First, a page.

And Crawford wasn’t going to make another one, especially after he began hearing more and more angry voices from his network of sources across the divisions of AOL Time Warner.

Almost all the complaints were centered on one person: Steve Case.

After Levin and Pittman had left, it seemed, Case had begun to reassert himself at the company, visiting various divisions and doling out guidance on how to better achieve synergies.

It was advice that few divisional executives welcomed, especially coming from the man they held most responsible for the huge declines in the company fortunes, and who was also a constant reminder of how Time Warner had been snookered.

“To have to sit there and listen to him was unbearable for them,” said Crawford. “His continued presence was taking a terrible toll on morale.”

As the protests mounted, Crawford took it upon himself to gather key allies among the big shareholders–beginning with Ted Turner, who had now soured on Case much in the same way he had on Levin.

Crawford then contacted Malone, who had wanted to stay neutral but agreed to hear them out in an August visit to Denver. There, Crawford and Turner made their argument to Malone.

“Their view was that it was a disaster and no one could stand to have Case around,” recalled Malone. “The numbers lost were just too big, so he had to go.”

Lingering in the background, noted Malone, was the sense that Case had outsmarted everyone at Time Warner, a fact that further grated on them.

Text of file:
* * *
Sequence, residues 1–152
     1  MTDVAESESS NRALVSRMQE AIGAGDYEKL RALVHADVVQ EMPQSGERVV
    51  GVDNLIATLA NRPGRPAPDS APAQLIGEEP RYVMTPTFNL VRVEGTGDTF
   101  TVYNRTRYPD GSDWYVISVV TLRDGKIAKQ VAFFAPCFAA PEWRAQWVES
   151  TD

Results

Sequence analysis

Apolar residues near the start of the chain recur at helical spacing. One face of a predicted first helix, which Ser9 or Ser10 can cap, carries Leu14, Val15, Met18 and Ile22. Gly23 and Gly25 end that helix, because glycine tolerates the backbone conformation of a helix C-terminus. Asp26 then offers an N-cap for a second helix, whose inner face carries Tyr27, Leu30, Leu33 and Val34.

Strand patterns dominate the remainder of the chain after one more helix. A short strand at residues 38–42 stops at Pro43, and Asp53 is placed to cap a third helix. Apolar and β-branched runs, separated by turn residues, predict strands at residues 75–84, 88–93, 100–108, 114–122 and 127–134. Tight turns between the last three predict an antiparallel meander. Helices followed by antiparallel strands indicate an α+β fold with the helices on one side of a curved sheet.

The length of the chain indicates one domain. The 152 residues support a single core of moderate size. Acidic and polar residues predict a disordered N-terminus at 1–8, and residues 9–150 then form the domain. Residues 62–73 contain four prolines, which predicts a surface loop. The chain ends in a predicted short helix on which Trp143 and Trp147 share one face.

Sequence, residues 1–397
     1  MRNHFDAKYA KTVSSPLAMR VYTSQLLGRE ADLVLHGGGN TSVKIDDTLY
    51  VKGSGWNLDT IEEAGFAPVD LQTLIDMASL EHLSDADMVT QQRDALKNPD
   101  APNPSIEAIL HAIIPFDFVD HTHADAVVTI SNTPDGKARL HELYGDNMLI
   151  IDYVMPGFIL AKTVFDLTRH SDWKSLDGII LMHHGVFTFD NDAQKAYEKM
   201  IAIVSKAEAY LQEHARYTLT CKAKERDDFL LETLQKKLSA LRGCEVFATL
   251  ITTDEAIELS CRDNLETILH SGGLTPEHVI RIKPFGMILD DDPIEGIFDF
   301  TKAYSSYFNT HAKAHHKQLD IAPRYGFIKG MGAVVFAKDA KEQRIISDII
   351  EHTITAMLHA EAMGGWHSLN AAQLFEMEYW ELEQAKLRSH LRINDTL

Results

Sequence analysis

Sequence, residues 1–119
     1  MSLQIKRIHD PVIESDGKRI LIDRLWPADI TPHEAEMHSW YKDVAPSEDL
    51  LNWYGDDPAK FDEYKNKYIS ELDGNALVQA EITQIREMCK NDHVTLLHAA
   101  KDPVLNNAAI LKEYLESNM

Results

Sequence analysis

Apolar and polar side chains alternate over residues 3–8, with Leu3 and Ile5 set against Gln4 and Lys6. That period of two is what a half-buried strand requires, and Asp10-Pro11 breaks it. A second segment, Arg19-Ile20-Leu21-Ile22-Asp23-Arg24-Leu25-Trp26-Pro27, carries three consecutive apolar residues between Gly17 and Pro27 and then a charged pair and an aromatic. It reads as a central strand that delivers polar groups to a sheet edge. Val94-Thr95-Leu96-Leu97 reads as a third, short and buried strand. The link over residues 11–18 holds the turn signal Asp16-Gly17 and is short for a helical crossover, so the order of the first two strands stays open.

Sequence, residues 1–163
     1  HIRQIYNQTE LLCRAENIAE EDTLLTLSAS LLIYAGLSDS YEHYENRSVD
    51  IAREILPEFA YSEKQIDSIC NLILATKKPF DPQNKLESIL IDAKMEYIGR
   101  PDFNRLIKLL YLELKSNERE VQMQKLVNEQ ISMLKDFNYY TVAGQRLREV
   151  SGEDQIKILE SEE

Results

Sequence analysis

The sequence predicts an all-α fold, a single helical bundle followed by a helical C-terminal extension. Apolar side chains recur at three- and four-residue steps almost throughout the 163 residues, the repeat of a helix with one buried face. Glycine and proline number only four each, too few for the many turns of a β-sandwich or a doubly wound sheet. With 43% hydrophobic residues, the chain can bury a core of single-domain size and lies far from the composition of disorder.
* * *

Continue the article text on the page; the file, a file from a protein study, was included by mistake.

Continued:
Since Crawford was headed east to New York for a series of meetings at various media concerns, including AOL Time Warner, the trio decided that he would be the one to deliver the news that Case should go.

He first met with Dick Parsons and Wayne Pace on on other topics at the company’s Rockefeller Center headquarters. During the meeting, Case joined the group and invited Crawford to his office when he was done for a private talk.

Case might have reconsidered the invitation when he heard Crawford’s definitive message: Resign.

Outlining his feedback from employees, Crawford explained that neither he nor other major shareholders thought Case could be an effective chairman any longer.

Case, sources familiar with the conversation said, was shocked by Crawford’s frank assessment and began immediately to argue with him.

Crawford was stunned when Case told him AOL was fine before the merger announcement and that he had no responsibility at the company after the deal was done.

It was not his fault that the economy had tanked. It was not his fault that both Levin and Pittman had proved to be unsuccessful leaders. It was not his fault that the Internet boom had turned to bust.

Case told Crawford he was not leaving.

The meeting ended with Crawford deeply troubled over Case’s finger pointing at everyone but himself, and the casting of himself as victim.

The gall of it rankled the longtime investor, who expected people to take responsibility for their errors. Yet Case hadn’t made even a slight effort at any kind of apology, claiming he either was not in control or not responsible.